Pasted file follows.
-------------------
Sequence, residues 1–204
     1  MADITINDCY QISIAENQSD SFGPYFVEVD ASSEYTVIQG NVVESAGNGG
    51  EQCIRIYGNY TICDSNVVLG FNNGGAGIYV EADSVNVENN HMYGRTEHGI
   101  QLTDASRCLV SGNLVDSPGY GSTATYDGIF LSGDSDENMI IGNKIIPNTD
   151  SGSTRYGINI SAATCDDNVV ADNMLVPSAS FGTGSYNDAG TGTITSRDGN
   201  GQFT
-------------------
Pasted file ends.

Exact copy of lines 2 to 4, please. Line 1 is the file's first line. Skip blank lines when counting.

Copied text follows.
     1  MADITINDCY QISIAENQSD SFGPYFVEVD ASSEYTVIQG NVVESAGNGG
    51  EQCIRIYGNY TICDSNVVLG FNNGGAGIYV EADSVNVENN HMYGRTEHGI
   101  QLTDASRCLV SGNLVDSPGY GSTATYDGIF LSGDSDENMI IGNKIIPNTD